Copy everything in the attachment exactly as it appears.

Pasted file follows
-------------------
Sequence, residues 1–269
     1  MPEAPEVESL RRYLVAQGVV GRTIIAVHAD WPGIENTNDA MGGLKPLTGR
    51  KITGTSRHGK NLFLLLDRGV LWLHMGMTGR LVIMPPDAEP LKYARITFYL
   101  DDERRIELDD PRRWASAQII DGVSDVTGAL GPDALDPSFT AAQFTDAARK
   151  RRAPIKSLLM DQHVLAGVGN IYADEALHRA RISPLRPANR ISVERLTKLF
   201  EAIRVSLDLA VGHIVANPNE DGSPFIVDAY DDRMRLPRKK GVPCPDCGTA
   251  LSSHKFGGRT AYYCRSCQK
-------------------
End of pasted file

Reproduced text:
Sequence, residues 1–269
     1  MPEAPEVESL RRYLVAQGVV GRTIIAVHAD WPGIENTNDA MGGLKPLTGR
    51  KITGTSRHGK NLFLLLDRGV LWLHMGMTGR LVIMPPDAEP LKYARITFYL
   101  DDERRIELDD PRRWASAQII DGVSDVTGAL GPDALDPSFT AAQFTDAARK
   151  RRAPIKSLLM DQHVLAGVGN IYADEALHRA RISPLRPANR ISVERLTKLF
   201  EAIRVSLDLA VGHIVANPNE DGSPFIVDAY DDRMRLPRKK GVPCPDCGTA
   251  LSSHKFGGRT AYYCRSCQK